As a vertically challenged female, clothes shopping is a struggle. Modern clothes, especially jeans, are made for people built like a giraffe, with impossibly long arms and legs. I have to imagine every outfit with 10 cm shaved off somewhere. On the few occasions when I’ve had something tailor made, it was a revelation. I couldn’t pour enough cash into the hands of those talented tailors in Hanoi fast enough.
You all know and feel the difference of something that is made just for you. Those fitted shelves in your study make the old IKEA bookcase look saggy and sad. Then why do non-profits persist in sending corporates the same standardised offer? There’s a better way to win the attention of new partners.
The rookie mistake we see all the time is the cookie cutter approach. Non-profits put together a corporate brochure and send it out like a mass market direct mail to corporates. Typically the response rate is zero. Corporate partnerships are not a numbers game, like regular giving with a bigger cheque.
Our corporate clients tell us often about the unsolicited approaches that land in their inbox every week. They ignore the ones that are not relevant or tailored to them. You need to do your basic research to find out their major themes or areas of focus and address them specifically. A cookie cutter brochure makes you look lazy, or worse, complacent. You’re making the corporate do the work to figure out if the partnerships is a good fit. You’re the one that needs to make the case, not them.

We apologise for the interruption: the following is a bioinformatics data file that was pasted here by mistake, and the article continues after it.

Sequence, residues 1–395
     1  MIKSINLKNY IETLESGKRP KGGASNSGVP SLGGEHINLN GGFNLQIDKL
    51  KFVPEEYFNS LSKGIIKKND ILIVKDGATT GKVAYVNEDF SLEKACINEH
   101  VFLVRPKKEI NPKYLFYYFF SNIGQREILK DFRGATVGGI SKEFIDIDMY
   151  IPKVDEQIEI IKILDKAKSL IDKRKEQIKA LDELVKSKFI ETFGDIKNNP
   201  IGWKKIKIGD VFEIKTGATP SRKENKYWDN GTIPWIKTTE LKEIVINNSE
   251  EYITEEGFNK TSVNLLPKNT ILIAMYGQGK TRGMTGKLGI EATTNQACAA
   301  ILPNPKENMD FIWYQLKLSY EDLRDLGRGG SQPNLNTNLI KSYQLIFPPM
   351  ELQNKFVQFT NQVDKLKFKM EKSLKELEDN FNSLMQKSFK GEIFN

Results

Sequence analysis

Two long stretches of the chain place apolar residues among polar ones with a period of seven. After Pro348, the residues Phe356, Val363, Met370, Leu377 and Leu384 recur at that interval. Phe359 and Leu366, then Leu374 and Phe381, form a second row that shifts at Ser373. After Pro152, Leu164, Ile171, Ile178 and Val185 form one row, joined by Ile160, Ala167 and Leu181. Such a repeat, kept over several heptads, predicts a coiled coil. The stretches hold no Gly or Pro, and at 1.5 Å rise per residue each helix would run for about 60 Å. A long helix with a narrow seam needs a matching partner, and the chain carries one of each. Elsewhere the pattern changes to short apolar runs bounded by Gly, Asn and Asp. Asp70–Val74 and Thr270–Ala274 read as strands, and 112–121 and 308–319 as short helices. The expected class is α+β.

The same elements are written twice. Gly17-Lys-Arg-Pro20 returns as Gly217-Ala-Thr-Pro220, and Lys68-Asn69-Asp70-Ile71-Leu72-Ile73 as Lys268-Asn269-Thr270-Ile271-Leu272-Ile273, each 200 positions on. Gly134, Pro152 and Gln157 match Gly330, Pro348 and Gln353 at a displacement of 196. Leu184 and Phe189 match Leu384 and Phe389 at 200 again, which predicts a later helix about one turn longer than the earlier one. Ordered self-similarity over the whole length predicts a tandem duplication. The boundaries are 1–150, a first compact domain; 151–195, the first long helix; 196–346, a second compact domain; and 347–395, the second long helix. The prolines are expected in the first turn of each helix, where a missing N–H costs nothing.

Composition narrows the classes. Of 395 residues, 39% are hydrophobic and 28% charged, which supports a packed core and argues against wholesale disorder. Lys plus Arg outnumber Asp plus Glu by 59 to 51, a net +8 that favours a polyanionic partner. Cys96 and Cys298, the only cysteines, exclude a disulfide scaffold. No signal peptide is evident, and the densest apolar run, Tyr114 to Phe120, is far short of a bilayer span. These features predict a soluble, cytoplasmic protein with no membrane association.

The second mistake is to spend most of the time talking about your non-profit. Your brochure can be glossy, professional and slick but completely miss the point. It’s not about you, it’s about them. No doubt you’ve got lots to say about your organisation, its history, your cause and your impact. But it makes a pitch very one-sided, like a boring dinner companion who doesn’t ask you a single question and talks about changes to the lbw rule all night. Whatever you send to your corporate prospect needs to be relevant, succinct and inspiring. You’re giving them a taste of something that fits with their values, priorities and challenges. Don’t forget that your non-profit is merely the catalyst for solving both societal issues and their business aspirations. You are not the hero of the story- they are.
It’s best to create a separate ‘credentials’ document to share with a corporate prospect. That is essentially a collection of ‘greatest hits’ for your organisation: your achievements, mission, ambitions and successes so far. It’s intended to inspire and pique their interest, but not bore them with an encyclopedia of details. It then allows your pitch or approach to focus directly on the corporate’s needs and priorities. The credentials document then becomes evidence of your credibility as a partner.
The final mistake is to create a brochure with tiers of partnerships and associated benefits. But partnerships are not ready-made meals from MacDonald’s, they’re high class a la carte. The main problem with tiers and benefits is that you’re guessing at what they might find valuable. In every package there is something they don’t want. That means you’re wasting your resources to deliver something that they don’t need and forcing them to fit into your construction of value. If you’re at a classy restaurant, you want it just the way you like. That’s why it attracts a premium price. If you want to play at the McHappy Meal level of pricing, then that’s what partnership tiers will bring you.
If you’re starting out in partnerships and your boss asks about your corporate brochure, don’t fall into the trap of the typical mistakes. Every partnership needs to be tailor made for each corporate prospect. If you can get under the surface of their needs and priorities, you’ll have a much better chance of making the right connection and building a valuable relationship.